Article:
I'm not Laughing, and That's Okay


I recently attended the Hollywood Walk of Fame star ceremony honoring Will Ferrell. The chairman of the the Walk of Fame always lists the many accomplishments of each recipient before bringing them on stage. Of course, the crowd went wild when many of Will Ferrell's greatest hits were mentioned, including AnchormanElf, and Saturday Night Live. When my favorite Will Ferrell film was announced, however, a much less enthused applause was heard.

Stranger Than Fiction

Stranger Than Fiction was not your typical Will Ferrell film. It's about a man who finds himself able to hear a narration of his life, which reveals that his death was imminent. Not only was the story and the presentation clever and engaging, Will Ferrell showed us an emotional side of him that was unexpected. There were no gross out gags, or wacky slapstick. It was all heart.

Granted, I've never been a big fan of over-the-top, mindless comedies. Films such as Dumb and DumberBilly Madison, and Anchorman may have some amusing moments, but I always find them a bit pointless in the end. Don't get me wrong, the stars of these films are amazing at what they do, but they have so much more to offer than that. In fact, time and time again, these actors have proven that they are capable of playing roles with much more depth.

Jim Carrey, the man of a thousand faces, also has a sad face. His awe-inspiring performances in Eternal Sunshine of the Spotless Mind and The Truman Show were truly memorable. I still recite the line, “In case I don't see ya', good afternoon, good evening, and good night!” Adam Sandler, who's been labeled as a one trick pony in recent years, showed some magic in Reign Over Me. That moment when he finally experiences emotional catharsis and kisses his mother-in-law on the cheek still gives me goosebumps. Steve Carrell, stepped out of the shadows of his clownish TV persona, and into a much darker, suicidal place in Little Miss Sunshine. He didn't need many words, his deep facial expressions told more story than any dialogue could provide. Will Smith isn't really a full on comedy actor, even though he did start his career as the Fresh-Prince. One of my favorite scenes of his was in The Pursuit of Happyness when homeless Will held tightly onto his son while blocking the public bathroom entrance with his leg, all the while holding back tears... while I couldn't hold back mine.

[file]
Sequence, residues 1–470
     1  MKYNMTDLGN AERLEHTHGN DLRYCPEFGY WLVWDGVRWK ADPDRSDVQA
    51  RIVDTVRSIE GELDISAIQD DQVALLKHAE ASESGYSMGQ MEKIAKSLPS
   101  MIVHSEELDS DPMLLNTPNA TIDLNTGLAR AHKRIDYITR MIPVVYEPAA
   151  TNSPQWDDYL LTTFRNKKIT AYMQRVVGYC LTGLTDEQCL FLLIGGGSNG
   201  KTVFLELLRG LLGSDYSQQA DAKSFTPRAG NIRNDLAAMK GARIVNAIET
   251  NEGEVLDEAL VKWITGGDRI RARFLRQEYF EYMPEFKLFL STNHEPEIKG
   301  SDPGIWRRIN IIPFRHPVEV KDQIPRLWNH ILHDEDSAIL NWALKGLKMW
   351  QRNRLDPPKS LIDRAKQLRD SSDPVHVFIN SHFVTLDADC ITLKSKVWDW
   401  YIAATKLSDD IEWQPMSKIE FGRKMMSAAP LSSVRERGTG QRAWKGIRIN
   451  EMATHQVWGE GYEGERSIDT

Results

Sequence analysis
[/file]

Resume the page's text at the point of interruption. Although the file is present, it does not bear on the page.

Of course, there are many other films that the aforementioned actors had more serious roles in, but the movies I listed are some of my favorites. Don't get me wrong. I still love comedies, but I do usually prefer the more clever types such as the satirical elements in Austin Powers, the seamless interwoven relationships in Love Actually, and the exaggerated family dynamics in This is Where I Leave You. The mindless comedy subgenre is absolutely necessary in providing entertainment and escape for viewers. However, when comedy actors can step out of their shell, and deliver remarkable, unpredictable performances in dramatic characters, that's when they truly inspire me.